Systems and Sustainability

Classic passage from W. Edwards Deming, the management consultant whose knowledge model inspired the total quality management movement.

What is a system? A system is a network of interdependent components that work together to try to accomplish the aim of the system. A system must have an aim. Without an aim, there is no system. The aim of the system must be clear to everyone in the system. The aim must include plans for the future. The aim is a value judgment. (We are of course talking here about a man-made system.)…

A system must be managed. It will not manage itself. Left to themselves in the Western world, components become selfish, competitive, independent profit centres, and thus destroy the system. . . . The secret is cooperation between components toward the aim of the organization. We can not afford the destructive effect of competition. — W. Edwards Deming (emphasis mine)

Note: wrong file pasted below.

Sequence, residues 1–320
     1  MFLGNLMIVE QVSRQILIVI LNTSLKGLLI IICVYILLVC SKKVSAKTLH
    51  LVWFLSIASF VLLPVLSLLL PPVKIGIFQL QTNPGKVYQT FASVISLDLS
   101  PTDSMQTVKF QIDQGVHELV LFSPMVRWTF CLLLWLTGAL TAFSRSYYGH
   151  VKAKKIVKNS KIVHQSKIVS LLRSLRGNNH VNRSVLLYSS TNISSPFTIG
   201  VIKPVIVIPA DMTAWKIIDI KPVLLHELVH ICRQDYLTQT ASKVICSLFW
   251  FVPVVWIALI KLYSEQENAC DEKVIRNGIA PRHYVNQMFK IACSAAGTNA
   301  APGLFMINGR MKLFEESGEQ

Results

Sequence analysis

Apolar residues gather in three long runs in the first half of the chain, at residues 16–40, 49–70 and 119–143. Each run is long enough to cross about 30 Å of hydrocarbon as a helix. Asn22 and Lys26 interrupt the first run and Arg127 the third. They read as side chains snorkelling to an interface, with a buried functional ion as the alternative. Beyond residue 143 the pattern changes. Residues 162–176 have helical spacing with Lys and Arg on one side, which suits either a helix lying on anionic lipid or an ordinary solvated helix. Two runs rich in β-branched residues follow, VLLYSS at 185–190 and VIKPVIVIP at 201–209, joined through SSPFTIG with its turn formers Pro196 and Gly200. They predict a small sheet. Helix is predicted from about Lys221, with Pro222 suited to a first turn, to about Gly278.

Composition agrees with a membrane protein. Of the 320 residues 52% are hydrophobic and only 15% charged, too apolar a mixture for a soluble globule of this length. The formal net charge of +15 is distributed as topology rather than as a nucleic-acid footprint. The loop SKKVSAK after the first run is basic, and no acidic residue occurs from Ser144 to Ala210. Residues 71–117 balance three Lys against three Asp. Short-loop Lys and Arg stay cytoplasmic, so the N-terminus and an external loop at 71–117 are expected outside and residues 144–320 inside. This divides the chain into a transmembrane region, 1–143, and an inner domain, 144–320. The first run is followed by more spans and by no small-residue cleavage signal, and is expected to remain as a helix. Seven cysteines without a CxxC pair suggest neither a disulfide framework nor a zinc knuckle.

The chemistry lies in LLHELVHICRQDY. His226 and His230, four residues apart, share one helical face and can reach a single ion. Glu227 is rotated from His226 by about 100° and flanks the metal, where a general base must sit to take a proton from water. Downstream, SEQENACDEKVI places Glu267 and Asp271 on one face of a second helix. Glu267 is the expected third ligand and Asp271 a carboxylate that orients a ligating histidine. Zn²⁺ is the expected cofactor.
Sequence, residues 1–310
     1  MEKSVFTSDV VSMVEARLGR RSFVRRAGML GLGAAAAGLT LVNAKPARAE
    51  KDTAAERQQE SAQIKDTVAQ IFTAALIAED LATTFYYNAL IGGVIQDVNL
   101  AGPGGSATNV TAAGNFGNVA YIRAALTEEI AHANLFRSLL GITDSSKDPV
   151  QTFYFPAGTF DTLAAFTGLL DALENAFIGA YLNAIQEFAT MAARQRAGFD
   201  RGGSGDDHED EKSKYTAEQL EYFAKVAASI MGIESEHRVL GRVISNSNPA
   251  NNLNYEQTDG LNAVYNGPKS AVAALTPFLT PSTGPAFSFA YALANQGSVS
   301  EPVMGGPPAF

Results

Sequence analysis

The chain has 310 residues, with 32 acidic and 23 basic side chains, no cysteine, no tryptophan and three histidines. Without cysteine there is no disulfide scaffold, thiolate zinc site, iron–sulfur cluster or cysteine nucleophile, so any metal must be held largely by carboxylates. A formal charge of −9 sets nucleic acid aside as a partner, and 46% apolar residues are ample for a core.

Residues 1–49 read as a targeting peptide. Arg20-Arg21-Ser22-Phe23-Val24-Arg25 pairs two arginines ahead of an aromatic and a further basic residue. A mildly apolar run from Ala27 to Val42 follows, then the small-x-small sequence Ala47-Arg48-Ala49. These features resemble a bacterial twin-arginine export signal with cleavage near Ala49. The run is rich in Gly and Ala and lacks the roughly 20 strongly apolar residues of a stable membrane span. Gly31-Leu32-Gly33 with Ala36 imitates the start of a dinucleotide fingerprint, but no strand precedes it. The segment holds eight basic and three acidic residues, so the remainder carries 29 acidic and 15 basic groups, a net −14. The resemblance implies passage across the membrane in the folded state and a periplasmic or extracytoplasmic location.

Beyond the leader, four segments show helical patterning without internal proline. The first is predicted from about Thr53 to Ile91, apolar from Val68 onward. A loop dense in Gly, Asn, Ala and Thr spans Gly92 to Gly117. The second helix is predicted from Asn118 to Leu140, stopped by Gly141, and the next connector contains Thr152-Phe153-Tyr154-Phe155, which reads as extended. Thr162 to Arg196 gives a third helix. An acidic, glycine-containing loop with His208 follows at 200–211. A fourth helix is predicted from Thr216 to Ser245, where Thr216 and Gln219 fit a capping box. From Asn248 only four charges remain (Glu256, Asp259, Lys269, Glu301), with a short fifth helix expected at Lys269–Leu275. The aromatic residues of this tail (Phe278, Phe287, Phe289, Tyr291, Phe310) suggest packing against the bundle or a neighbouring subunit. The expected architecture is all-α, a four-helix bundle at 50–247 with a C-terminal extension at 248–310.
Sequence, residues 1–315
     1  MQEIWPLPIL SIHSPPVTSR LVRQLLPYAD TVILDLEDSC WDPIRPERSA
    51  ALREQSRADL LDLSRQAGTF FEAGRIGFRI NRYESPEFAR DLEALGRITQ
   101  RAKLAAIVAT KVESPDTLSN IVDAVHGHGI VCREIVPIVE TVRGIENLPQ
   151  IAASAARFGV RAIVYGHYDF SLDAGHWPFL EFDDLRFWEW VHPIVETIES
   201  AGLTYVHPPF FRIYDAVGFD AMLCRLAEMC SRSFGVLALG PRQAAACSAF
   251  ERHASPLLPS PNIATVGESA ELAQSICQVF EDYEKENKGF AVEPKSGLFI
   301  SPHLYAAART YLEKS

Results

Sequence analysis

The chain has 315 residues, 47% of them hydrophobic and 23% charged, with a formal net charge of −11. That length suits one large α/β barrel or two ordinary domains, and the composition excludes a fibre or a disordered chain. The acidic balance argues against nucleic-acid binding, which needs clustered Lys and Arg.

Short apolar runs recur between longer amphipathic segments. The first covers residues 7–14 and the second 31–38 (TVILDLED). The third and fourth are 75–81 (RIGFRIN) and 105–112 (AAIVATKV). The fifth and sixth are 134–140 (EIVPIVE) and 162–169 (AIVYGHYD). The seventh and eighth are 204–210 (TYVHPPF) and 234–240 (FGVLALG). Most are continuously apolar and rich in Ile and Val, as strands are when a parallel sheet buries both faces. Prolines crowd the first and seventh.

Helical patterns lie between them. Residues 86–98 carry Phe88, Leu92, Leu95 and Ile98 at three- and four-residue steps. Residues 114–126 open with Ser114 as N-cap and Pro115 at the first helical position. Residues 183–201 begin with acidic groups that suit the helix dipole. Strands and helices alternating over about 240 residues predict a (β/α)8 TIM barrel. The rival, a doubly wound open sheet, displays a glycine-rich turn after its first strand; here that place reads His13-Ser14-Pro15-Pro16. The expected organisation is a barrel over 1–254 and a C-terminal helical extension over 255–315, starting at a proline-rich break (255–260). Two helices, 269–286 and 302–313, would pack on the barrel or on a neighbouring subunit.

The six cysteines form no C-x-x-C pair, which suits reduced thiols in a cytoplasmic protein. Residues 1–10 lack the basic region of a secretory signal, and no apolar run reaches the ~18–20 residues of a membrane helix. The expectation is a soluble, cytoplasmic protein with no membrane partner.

If a system requires management, does this mean that systems, unlike organic ecosystems, aren’t inherently sustainable and don’t negotiate their own balance?

What are the implications of viewing a man-made system as something that’ll fall apart without deliberate attention?

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